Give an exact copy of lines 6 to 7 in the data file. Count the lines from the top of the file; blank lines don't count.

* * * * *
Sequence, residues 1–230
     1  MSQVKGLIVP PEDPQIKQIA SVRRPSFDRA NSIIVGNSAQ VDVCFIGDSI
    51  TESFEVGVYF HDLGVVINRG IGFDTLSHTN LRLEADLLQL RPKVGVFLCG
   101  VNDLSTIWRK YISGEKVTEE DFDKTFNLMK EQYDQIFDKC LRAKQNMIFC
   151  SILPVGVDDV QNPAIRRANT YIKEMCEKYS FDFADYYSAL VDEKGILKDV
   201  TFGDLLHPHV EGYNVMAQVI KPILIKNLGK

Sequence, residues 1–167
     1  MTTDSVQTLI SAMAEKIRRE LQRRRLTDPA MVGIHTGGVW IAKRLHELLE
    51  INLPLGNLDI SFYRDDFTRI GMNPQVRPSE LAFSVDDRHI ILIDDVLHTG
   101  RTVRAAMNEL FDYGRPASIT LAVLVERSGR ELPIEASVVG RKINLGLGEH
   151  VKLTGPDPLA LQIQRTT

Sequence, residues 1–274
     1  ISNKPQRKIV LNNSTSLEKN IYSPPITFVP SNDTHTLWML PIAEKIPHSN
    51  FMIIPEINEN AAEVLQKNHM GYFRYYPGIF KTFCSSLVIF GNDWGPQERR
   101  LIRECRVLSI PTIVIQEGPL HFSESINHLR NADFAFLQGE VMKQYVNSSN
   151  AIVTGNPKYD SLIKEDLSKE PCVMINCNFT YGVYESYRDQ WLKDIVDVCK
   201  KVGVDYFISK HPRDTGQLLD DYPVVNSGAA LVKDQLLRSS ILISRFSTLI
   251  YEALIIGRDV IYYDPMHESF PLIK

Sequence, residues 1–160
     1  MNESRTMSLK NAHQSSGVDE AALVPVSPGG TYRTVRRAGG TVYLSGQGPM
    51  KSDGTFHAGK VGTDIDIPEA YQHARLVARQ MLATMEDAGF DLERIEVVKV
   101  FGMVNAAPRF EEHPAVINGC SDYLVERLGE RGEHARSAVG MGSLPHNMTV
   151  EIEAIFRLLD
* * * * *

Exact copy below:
   201  TFGDLLHPHV EGYNVMAQVI KPILIKNLGK

Sequence, residues 1–167